#2 of 56 Mark Rich

Mark Rich

    Advanced Member

  • PipPipPip
  • 457 posts
  • Join Date: Oct 24 2001

Posted August 24 2003 - 12:48 PM

With this kind of posting I'm glad I'm not the cable maker sponsoring the forum.
First I dont buy the 'cables is cables' theory because I've actually tried more than a few cables and kept an open mind while doing so.
Its also getting tiring reading these kinds of postings. Hardly surprising that other forums have put a stop to them.
"None are so hopelessly enslaved as those who falsely believe they are free."

Johann Wolfgang von Goethe

#3 of 56 Chuck Watwood

Chuck Watwood

    Advanced Member

  • PipPipPip
  • 122 posts
  • Join Date: Dec 08 2002

Posted August 24 2003 - 06:13 PM

Chu,

Thanks for the detailed post. I appreciate the information.
Well informed consumers make better choices and that includes audio/video consumers. My experience is that most salespeople, especially at places like Best Buy and even at high end audio/video stores, don't know what they are talking about. The information is appreciated. Posted Image Posted Image

Thanks,

Chuck
Chuck Watwood

Hello my name is Chuck and I'm an HT addict.

#4 of 56 PaulT

PaulT

    Advanced Member

  • PipPipPip
  • 932 posts
  • Join Date: Oct 28 2002

Posted August 25 2003 - 02:10 AM

Quote:
With this kind of posting I'm glad I'm not the cable maker sponsoring the forum. - Hardly surprising that other forums have put a stop to them.


Does that mean other forums are bending to their advertisers wishes to stop informative posting of data to those who need to make decisions on which cables to purchase ??

Some buy into one theory (cables is cables), others feel they can tell a difference. Posting information from both sides is allowing the readers to decide on their own. Really what purchasers need to do is try their cable choices side by side and see if they can find differences. Don't see too many salesman setting up that scenario 'in-store'.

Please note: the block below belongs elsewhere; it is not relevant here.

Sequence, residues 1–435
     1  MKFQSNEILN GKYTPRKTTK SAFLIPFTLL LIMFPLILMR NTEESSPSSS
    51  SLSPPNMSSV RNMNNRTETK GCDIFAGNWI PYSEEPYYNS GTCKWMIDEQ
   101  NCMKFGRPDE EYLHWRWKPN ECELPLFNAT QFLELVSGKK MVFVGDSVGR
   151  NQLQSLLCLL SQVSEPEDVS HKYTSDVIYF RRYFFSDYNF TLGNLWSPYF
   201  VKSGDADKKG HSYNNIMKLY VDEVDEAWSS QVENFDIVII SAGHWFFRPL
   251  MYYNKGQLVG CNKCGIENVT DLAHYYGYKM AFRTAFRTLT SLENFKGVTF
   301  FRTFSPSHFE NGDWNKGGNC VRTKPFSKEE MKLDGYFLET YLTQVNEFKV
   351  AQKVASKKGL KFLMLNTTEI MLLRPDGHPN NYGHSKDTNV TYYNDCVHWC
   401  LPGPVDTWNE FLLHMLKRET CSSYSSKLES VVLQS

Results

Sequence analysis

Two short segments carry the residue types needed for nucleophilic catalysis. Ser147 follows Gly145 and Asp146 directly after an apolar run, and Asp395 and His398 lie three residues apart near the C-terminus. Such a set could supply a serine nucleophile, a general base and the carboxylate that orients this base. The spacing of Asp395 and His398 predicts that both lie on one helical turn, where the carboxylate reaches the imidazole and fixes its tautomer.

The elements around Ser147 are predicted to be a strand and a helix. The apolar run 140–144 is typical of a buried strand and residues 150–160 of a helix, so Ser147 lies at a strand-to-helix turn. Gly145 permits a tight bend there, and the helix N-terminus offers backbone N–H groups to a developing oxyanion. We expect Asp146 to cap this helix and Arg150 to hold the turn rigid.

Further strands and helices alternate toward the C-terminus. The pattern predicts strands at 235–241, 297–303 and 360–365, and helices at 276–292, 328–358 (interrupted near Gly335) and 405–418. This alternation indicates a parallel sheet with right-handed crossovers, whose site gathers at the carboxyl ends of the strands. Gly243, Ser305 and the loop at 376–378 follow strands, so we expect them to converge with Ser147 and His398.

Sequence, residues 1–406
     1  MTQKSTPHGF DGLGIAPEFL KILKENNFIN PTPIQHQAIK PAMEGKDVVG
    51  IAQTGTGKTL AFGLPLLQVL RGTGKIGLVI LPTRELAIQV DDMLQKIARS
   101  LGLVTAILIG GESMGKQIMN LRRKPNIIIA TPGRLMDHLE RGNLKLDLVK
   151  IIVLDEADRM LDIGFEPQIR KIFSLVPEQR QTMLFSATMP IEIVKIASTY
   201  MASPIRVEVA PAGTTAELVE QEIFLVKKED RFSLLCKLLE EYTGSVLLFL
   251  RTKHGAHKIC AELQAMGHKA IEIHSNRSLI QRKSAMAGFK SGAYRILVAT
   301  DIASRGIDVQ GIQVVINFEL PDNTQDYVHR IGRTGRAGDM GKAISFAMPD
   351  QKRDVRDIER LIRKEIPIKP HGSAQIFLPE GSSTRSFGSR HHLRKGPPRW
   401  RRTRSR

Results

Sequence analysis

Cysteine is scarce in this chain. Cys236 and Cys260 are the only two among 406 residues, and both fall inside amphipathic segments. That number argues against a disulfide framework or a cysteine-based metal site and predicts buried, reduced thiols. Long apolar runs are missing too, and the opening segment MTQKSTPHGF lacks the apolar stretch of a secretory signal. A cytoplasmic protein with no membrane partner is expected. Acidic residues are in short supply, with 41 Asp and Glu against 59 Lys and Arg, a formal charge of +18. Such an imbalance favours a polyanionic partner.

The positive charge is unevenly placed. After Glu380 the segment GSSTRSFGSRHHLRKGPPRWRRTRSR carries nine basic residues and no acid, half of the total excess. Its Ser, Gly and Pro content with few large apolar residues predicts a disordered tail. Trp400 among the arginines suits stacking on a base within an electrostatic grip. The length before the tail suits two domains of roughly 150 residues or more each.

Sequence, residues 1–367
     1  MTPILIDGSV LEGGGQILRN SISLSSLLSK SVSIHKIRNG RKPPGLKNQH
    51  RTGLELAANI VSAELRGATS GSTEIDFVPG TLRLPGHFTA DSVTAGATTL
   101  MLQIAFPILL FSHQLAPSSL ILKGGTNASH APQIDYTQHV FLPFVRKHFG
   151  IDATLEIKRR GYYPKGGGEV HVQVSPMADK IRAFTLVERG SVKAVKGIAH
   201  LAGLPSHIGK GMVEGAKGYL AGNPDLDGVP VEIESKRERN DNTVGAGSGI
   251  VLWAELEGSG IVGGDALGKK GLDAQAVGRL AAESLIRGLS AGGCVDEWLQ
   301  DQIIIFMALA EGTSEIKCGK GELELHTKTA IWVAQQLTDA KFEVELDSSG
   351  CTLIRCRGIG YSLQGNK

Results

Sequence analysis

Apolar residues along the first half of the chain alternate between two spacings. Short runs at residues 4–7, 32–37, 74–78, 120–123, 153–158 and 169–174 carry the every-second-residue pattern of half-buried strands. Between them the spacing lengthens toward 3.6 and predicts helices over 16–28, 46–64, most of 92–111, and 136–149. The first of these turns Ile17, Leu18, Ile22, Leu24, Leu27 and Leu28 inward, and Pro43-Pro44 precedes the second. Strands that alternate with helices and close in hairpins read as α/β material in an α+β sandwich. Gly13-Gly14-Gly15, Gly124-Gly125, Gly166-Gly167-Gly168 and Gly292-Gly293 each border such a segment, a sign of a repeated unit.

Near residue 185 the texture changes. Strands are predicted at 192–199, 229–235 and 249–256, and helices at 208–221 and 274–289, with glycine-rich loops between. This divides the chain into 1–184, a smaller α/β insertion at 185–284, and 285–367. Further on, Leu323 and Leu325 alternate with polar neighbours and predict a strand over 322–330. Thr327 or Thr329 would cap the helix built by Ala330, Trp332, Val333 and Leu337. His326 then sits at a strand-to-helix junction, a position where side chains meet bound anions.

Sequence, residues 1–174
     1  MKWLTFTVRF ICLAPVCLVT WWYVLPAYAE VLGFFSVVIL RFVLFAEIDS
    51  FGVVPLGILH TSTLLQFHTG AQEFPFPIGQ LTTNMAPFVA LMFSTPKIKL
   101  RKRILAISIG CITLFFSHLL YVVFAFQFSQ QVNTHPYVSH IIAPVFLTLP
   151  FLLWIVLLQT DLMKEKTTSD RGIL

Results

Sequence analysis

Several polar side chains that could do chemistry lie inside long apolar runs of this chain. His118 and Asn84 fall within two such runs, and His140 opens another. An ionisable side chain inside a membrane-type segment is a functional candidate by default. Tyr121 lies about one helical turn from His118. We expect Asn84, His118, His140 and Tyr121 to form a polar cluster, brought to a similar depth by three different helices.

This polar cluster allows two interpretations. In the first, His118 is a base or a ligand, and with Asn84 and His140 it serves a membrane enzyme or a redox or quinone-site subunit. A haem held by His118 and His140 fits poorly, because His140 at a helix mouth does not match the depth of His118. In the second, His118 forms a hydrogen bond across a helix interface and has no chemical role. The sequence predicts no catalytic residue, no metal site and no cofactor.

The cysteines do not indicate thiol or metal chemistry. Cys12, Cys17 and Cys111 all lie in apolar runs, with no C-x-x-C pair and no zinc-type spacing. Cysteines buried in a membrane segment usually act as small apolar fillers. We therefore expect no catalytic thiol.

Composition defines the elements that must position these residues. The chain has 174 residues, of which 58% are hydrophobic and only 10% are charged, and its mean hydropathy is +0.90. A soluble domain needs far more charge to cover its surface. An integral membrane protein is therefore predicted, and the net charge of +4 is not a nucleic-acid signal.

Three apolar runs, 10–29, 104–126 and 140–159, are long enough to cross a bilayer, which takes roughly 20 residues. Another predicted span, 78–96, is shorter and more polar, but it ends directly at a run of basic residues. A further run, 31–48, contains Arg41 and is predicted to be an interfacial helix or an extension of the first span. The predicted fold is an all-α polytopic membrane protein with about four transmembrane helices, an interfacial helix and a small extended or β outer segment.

I have also tried various cables over the past 27 years starting from 2 channel audio systems and have come to 'my' conclusion that an 'open mind' sometimes equates to an 'open wallet'.
"One of the problems of taking things apart and seeing how they work--supposing you're trying to find out how a cat works--you take that cat apart to see how it works, what you've got in your hands is a non-working cat." -- Douglas Adams

#5 of 56 Chu Gai

Chu Gai

    Advanced Member

  • PipPipPip
  • 7,270 posts
  • Join Date: Jun 29 2001

Posted August 25 2003 - 02:54 AM

When you've got two drivers, last race of the Winston Cup, and first place for either driver means you've won and with that comes all the money, all the advertisements, all the glory and the little hedonistic perks, a 1/100 of a second means everything. Second just makes you a trivia question.

I think it's prudent to define your problem and choose according to your needs and by all means if you wish to spend more, then do so. If you think engineers are full of crap with the 3 times rule make it 4 or 5 times. In either event you'll be able to develop your own short list knowing full well that each of the choices is up to the task. Then weed them out as you see fit.

#6 of 56 KurtBJC

KurtBJC

    Advanced Member

  • PipPipPip
  • 47 posts
  • Join Date: Jun 22 2003

Posted August 25 2003 - 06:09 AM

Just a couple of notes on this...I think, Chu, that your comments are in general correct, but there are a couple of quibbles I have.

First, I think that a factor you do want to take into account is impedance tolerance--especially when you're getting into HD video where frequencies are high and wavelengths are, therefore, comparatively short. A 35 MHz signal has a wavelength of 8.5 meters, and so a cable, to be a quarter wavelength long (where the significance of correct impedance starts to become really critical) needs only to be about 2 meters. A lot of manufacturers don't publish impedance tolerance specs, and so you don't really know whether "75 ohms" means 75 ohms +/- 5 ohms or +/- 1.5 ohms, or what.